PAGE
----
Are We Losing The War On Home-Grown Terror?

The Prevent anti-extremism programme is threatened by Islamists, Salafists and the Left. Too few Muslims are standing up for it

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Brave stance: Sara Khan, founder of Inspire, a pro-Prevent organisation, provokes rage from her Islamist critics (©Joe McGorty/Inspire)

The good news is that the number of terrorist attacks around the world fell last year for the first time since 2012, partly because Islamic State is being beaten back in Iraq and Syria. The bad news is that this will increase the risk of bloodshed in Europe.

“There will be a terrorist diaspora sometime in the next two to five years like we have never seen before,” warns the FBI Director James Comey. The recent mass slaughter attacks in France and Belgium may be just the start of violence on European streets lasting years.

By 2015, UK terrorism arrests were up 35 per cent from 2010. The police are removing more than 1,000 pieces of terrorist-related content from the internet every week.

The IS menace has also provoked a growing right-wing backlash. British — or as some MPs now prefer — “universal” values of tolerance and equality are under attack from extremists “operating at a pace and scale not seen before”, says the government.

Its programme for reducing both Islamist and neo-Nazi extremism is called Prevent. Foreigners who promote extremism are stopped from entering Britain, while citizens here assessed as being vulnerable to radicalisation are offered help. Some 15 per cent of Prevent interventions now relate to the far Right but since the threat to national security remains overwhelmingly from Muslim extremists, the focus has been on them.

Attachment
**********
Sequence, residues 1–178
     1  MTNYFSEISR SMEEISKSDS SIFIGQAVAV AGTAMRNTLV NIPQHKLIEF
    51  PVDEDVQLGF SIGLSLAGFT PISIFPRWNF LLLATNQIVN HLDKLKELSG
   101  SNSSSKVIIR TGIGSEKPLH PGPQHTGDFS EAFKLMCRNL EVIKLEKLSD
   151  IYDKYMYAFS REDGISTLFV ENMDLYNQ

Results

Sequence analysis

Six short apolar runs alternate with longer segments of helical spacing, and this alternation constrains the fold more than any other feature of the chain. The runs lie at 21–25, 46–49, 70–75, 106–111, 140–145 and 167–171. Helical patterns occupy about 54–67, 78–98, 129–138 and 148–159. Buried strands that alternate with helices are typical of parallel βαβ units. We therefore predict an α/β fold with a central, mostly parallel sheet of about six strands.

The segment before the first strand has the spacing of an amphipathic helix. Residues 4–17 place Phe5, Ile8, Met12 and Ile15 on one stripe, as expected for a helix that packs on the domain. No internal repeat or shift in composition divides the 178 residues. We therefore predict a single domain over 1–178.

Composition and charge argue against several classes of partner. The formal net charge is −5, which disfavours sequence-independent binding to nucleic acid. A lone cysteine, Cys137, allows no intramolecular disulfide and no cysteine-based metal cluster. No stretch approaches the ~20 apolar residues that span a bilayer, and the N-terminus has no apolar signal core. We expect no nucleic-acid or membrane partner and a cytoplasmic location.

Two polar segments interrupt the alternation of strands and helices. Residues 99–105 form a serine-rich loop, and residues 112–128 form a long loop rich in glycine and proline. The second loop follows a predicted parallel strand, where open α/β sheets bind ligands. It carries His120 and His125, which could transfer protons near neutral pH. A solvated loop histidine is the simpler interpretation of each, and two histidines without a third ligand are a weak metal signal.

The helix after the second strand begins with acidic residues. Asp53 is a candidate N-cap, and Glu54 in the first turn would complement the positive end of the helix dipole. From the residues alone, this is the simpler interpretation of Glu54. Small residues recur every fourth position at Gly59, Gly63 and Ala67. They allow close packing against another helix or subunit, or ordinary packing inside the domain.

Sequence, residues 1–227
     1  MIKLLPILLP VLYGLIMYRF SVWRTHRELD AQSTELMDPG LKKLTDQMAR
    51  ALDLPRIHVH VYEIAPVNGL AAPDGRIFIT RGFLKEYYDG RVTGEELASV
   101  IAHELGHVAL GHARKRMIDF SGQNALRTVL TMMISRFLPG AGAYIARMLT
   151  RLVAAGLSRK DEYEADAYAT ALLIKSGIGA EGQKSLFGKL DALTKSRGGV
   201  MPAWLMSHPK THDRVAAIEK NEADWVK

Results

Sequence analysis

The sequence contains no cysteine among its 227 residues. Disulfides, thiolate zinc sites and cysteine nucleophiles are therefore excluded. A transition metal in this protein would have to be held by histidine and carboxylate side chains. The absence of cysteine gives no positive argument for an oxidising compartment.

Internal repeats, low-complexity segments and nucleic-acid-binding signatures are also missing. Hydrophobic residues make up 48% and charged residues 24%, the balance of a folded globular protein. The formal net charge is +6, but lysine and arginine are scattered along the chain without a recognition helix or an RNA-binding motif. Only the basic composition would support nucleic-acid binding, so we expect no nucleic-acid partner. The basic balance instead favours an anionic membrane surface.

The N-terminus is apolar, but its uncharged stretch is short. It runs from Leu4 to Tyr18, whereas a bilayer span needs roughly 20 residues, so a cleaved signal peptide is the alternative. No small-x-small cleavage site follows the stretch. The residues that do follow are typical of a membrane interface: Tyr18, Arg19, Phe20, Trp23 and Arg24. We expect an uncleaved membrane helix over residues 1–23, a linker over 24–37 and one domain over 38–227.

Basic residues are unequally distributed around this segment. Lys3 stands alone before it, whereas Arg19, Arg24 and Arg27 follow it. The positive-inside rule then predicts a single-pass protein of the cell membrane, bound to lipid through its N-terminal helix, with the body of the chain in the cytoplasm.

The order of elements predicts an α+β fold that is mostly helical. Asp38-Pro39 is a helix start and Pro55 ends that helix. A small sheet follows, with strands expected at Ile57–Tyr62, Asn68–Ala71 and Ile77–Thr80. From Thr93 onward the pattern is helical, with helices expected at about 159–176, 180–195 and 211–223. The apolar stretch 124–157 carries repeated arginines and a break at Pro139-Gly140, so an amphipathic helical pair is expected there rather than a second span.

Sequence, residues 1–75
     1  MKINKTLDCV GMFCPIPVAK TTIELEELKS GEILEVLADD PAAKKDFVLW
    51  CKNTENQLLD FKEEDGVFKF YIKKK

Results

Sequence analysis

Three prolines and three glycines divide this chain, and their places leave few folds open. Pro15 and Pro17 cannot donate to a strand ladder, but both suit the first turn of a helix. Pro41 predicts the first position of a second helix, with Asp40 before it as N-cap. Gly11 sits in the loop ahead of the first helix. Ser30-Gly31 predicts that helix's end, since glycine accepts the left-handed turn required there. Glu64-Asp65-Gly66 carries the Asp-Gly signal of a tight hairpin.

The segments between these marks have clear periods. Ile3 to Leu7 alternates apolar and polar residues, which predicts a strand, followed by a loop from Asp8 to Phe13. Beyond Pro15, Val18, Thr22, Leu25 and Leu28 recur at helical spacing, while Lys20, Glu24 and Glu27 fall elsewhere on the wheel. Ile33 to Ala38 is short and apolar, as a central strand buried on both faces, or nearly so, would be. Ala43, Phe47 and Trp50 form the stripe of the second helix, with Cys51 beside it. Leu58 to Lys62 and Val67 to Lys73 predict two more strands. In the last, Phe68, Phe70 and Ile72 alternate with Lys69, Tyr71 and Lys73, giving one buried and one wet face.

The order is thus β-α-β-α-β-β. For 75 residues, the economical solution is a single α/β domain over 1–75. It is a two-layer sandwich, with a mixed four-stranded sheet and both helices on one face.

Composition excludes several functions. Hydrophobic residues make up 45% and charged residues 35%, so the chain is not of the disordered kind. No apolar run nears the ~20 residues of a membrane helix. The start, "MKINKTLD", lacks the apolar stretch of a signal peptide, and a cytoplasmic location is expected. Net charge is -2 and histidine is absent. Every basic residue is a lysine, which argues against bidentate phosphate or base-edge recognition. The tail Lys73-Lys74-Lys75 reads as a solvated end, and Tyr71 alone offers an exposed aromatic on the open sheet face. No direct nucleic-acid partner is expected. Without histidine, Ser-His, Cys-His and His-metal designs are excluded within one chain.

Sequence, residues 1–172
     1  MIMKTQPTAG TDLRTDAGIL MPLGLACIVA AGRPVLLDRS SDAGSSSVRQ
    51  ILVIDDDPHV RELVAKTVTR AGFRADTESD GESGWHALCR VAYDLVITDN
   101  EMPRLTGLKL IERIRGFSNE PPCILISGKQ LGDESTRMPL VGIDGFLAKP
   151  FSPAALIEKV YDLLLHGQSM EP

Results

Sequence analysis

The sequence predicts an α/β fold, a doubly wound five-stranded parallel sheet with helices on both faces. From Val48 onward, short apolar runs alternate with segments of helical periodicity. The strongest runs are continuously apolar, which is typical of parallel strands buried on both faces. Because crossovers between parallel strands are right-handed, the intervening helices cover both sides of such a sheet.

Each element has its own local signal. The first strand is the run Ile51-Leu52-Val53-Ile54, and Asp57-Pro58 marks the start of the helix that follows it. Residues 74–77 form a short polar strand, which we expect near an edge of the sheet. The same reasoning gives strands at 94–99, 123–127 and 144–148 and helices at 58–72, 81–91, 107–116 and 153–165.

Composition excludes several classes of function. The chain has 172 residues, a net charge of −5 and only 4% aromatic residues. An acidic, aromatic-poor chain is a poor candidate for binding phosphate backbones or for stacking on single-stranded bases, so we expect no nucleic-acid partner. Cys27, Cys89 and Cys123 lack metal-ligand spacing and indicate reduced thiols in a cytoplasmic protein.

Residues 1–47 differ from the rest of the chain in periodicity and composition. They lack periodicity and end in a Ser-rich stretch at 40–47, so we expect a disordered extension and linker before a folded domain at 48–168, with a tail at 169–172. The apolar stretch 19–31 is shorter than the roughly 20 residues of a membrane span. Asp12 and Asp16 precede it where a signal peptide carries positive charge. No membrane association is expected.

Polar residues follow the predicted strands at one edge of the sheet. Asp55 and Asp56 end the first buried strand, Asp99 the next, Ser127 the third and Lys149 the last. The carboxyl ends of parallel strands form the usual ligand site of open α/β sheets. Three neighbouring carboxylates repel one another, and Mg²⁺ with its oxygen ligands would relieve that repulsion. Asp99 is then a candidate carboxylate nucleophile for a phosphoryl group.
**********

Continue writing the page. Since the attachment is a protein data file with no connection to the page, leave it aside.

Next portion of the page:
Since Prevent was launched in 2006, an expanding and influential network of Islamic organisations have campaigned relentlessly to have it scrapped — even though they have said they oppose IS. Leading them is Cage, the jihadist prisoner lobby group (Facebook following: 27,035, despite describing the IS cutthroat Jihadi John as having been a “beautiful young man”). Prevent is “destructive”, says Cage. “It harms communities from top to bottom.”

The version of Islam that dominates this anti-Prevent network can be summarised as Salafi-Islamist. While its activists diverge on the extent to which Islam’s religious texts should be literally interpreted (as Salafists argue), both factions harbour a visceral grievance that the West has declared war on Islam. Many oppose gender and sexual equality and support hudood — capital punishment in Islamic countries for adulterers and apostates (Muslims who leave Islam).

Their primary loyalty is to the Ummah — what they see as the global nation of Islam with its supremacist overtones. They believe that a caliphate (properly constituted as distinct from IS’s so-called caliphate) is superior to the nation state, although there is much debate about their preferred kind of caliphate. Overall, what distinguishes this politicised version of Islam (Islamism) from its more orthodox ancient tradition is that it is an ideology. Judged against the most basic of universal human rights, the Salafi-Islamist worldview is reactionary and highly regressive.